Starting a new job
So you’ve landed your dream job (or at least a good first rung on the ladder) and you're now entering uncharted territory – the full-time world of graduate work... The trick is to use as many props as are available to make you feel good on your first day – smart clothes, hairstyle and a nourishing breakfast, plus a positive and confident attitude will get you on the right start.
A working professional needs a working wardrobe, and if nothing else this is a great excuse to shop. But think about what people were wearing when you went for your interview and try to fit in with this. As a general rule it’s probably best to verge more on the formal side for the first day. If everyone is strolling round in shorts and flip-flops when you get there, then you can join in the next day, but it doesn’t work the other way around!
Refresh your memory
Re-read any material and information you already have about your new employer. You could even phone your new boss to ask for any additional material that might help you. The initial relief and euphoria you experienced after being offered the job may have briefly distracted you from all the concentration you put into the interview procedure. Remember what you learned about your job and department, and remember what it is about the job and the company that excited you in the first place!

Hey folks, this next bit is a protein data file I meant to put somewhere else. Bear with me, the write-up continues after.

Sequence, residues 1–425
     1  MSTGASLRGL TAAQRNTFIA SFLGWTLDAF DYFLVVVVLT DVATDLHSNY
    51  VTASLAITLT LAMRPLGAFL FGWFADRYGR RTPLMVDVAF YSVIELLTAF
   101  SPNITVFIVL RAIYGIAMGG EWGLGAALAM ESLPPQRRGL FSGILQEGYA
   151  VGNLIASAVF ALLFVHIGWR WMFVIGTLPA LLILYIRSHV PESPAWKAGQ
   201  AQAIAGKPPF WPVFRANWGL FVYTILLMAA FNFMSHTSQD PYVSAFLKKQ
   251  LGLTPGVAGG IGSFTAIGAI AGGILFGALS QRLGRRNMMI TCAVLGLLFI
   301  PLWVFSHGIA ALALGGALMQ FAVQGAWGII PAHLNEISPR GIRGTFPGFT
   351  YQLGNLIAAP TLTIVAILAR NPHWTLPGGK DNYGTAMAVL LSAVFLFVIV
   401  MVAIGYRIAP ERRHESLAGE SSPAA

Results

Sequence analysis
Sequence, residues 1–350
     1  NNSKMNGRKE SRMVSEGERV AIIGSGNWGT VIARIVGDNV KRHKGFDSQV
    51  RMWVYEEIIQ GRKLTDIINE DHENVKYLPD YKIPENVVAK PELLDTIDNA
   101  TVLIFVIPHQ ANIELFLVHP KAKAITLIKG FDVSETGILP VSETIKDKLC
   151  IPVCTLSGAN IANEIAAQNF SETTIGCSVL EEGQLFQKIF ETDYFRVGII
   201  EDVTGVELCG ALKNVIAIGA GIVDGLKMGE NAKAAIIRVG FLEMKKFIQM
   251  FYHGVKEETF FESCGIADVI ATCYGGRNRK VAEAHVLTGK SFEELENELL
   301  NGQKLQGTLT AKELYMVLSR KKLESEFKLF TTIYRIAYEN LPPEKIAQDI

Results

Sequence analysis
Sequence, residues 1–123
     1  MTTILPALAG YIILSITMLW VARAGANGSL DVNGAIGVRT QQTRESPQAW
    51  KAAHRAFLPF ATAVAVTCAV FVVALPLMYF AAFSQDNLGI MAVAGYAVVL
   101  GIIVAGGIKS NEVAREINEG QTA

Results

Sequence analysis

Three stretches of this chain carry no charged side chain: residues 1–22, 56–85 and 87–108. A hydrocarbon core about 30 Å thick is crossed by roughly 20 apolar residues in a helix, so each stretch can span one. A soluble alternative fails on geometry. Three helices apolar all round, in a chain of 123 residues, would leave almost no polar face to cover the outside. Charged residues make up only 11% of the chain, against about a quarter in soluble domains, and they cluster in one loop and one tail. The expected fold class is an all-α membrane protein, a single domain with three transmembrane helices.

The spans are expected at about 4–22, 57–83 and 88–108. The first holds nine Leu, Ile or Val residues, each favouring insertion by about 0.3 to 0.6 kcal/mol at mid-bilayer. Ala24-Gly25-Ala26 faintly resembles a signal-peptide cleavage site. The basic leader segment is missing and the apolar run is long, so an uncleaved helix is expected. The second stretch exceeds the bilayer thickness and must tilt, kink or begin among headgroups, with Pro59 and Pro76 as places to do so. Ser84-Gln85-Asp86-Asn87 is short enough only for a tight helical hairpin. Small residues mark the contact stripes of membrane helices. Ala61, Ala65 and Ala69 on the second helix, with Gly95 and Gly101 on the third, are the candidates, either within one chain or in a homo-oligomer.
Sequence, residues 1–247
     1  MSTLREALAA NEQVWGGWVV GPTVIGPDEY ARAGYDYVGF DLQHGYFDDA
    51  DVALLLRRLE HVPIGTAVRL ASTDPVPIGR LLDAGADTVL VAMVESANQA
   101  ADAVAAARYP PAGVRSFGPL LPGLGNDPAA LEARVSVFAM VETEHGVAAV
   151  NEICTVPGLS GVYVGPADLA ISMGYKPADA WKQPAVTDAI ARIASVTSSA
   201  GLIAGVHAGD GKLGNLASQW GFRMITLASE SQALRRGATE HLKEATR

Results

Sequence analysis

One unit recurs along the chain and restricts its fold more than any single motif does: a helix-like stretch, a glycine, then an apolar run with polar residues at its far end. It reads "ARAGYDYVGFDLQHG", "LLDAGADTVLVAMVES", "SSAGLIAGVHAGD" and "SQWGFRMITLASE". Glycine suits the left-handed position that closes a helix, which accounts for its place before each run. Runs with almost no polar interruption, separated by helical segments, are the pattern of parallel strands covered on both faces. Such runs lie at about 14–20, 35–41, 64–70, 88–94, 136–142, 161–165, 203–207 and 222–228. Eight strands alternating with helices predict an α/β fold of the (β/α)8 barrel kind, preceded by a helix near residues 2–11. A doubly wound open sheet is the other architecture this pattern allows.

Be friendly and approachable
First impressions do count for a great deal, but it’s not all about that. Being helpful, approachable, and taking time to get to know your colleagues will build the foundations for a good working environment. A good job is a lot to do with who you work with and how you get on with them. And from a career development perspective, if you’re friendly and good to work with you’ll go far!
Do your job
OK, it may be stating the obvious, but make sure you know what is expected of you. If you are worried or unsure about any particular aspects of your work, talk things over with your boss. If you are set deadlines make sure that you meet them. The ‘but Bob in finance does nothing all day!’ complaint won’t do you any favours. Bob may work in a different department, and besides he’s worked there for years. The best way to establish yourself in a new job is to do your job and do it well. So get to know the organisational structure, the relationship of your job to others and preferred communication networks (phone, face-to-face, memos, e-mail, etc), and get on with it!